15 Apr Print and production finishes for sustainable design – Worldwide
The Rhino multitool
This animal-shaped key ring-sized pocket toolbox is specially designed for a niche sports market and contains every tool necessary for snowboarding, skateboarding and surfing, as well as being appropriate for a wide range of other uses. The inspiration for this compact and multipurpose design was the intended user: a lover of the outdoors, of nature and of the wilderness. The environmental characteristics of this design were therefore critical to its success as a product. It would have been considered irresponsible to design multiple products for this user group using up to 10 times the amount of materials for 10 different tools, including the resultant consumption of energy that this would have required, when an all-in-one tool would suffice.
The result? Ten utilities contained within one captivating, playful, stylish design. The product uses a combination of injection molded nylon and polished steel to achieve a modish and tasteful finish with appealing practical and physical qualities. The multitool is composed of two parts, the body and the head. The horns, front feet and back feet are the three full polish open-end wrenches. The four different types of interchangeable screwdriver tips are contained in the body and plug into the mouth, while the stomach serves as the ice and wax spatula, and the throat deposits the wax comb. The ears serve as a bottle opener and the tail is the key ring clip, available in several different diameters.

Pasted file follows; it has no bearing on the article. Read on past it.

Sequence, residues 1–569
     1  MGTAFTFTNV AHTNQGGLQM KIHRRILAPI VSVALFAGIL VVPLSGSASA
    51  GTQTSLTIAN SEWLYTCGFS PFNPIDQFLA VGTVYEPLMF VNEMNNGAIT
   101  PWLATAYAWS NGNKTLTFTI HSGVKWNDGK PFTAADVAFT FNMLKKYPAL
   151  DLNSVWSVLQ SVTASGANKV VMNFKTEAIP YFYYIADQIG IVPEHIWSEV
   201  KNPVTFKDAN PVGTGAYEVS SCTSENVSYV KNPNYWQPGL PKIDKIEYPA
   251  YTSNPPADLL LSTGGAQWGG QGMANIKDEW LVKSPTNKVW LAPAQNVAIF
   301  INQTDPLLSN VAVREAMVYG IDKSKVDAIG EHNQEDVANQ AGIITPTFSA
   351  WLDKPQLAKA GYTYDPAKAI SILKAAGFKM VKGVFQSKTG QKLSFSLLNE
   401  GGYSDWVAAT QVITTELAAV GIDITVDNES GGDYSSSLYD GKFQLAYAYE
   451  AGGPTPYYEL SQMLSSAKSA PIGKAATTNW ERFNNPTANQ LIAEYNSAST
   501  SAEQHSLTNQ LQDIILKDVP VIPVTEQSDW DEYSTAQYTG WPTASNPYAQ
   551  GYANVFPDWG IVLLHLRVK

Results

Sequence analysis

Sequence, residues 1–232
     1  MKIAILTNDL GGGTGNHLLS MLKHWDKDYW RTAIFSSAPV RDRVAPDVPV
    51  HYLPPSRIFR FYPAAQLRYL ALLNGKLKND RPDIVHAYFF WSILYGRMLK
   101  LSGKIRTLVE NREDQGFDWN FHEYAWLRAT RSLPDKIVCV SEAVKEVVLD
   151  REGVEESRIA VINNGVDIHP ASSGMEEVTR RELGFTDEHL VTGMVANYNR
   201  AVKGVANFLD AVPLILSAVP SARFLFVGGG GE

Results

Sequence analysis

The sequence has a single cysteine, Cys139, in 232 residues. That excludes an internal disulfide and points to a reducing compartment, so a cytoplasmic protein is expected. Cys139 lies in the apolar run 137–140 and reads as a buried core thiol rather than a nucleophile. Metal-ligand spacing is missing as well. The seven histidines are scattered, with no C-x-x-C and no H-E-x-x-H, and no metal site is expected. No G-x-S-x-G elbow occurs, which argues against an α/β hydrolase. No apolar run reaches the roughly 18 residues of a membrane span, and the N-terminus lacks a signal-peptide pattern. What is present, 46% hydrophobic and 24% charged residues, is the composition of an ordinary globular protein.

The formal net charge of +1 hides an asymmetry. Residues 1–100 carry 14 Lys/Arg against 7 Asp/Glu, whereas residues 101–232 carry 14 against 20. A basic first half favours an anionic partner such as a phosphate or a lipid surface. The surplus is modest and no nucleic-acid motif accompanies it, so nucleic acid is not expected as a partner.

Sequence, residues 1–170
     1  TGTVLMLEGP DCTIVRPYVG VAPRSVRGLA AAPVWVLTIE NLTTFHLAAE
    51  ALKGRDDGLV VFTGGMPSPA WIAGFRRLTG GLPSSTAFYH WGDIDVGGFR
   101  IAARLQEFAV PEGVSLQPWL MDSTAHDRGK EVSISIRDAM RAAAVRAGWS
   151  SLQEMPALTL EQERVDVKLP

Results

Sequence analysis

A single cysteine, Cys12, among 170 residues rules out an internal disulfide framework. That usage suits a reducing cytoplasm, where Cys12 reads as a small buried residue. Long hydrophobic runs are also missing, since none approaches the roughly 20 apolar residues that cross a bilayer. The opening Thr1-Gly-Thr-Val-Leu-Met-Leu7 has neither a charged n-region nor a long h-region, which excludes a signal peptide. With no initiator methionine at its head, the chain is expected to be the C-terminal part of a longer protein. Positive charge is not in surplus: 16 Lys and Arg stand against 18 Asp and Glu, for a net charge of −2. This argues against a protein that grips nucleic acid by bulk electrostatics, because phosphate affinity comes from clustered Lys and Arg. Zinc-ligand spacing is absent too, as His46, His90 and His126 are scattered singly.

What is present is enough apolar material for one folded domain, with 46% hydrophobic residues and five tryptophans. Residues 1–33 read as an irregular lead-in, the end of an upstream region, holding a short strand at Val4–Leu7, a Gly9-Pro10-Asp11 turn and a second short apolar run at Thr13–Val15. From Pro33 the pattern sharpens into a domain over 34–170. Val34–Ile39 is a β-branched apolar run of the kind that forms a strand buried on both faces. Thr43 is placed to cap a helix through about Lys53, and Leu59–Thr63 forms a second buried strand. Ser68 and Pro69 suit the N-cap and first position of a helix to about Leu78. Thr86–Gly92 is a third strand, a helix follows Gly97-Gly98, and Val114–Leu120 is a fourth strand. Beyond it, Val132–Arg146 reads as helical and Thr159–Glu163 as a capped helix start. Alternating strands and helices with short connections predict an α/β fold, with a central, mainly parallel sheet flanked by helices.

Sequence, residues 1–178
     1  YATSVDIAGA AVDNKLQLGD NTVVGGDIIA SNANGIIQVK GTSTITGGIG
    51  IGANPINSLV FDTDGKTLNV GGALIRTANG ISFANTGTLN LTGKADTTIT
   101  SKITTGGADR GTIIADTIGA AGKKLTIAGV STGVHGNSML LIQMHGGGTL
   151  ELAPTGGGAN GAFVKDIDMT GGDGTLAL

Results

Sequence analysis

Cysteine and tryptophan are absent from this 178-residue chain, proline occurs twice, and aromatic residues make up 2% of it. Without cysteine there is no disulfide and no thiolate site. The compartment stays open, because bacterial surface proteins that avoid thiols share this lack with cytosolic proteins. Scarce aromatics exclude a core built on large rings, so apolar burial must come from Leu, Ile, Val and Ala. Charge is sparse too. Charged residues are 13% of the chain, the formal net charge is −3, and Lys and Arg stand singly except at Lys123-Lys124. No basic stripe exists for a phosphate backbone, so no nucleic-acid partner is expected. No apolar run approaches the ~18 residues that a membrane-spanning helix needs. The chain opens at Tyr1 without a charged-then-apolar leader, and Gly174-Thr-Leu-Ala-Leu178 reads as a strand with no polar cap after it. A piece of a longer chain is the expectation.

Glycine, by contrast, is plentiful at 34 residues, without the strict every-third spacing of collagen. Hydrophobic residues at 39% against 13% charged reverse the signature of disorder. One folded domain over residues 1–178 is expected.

The edible coffee cup
Conspicuous consumption is considered to be one of the chief opponents of environmentalism, but not so in this case. This unique coffee cup is the first in history that can be eaten after the coffee has been drunk. Conceived by a design agency in Italy – one of world’s most renowned coffee-drinking nations – this comestible vessel presents a veritable environmental revolution in the ritual of coffee drinking.
Manufactured in the same characteristic form as the brand’s famous coffee cups, this design maintains the brand identity while significantly boosting its environmental and ethical characteristics. The edible quality of this unique cup was achieved through the crucial relationship with materials also associated with coffee drinking: biscuit and sugar.
The cup’s structural integrity is derived from the biscuit and an impermeable glazing of sugar that stays watertight regardless of how hot the coffee is or how long it stays in the cup. The manufacturing process begins with baking the pastry mixture in the mold, and then adding a lining of sugar glace to seal the interior surface that looks and feel remarkably like ceramic. A printed finish depicting the branded blue ribbon motif is applied to the surface using a wafer manufactured with the latest technology in edible non-flavored ink, which gives the product an unmistakable identity and at the same time upholds its exceptional environmental credentials.
Source: Print and production finishes for sustainable design, by Edward Denison
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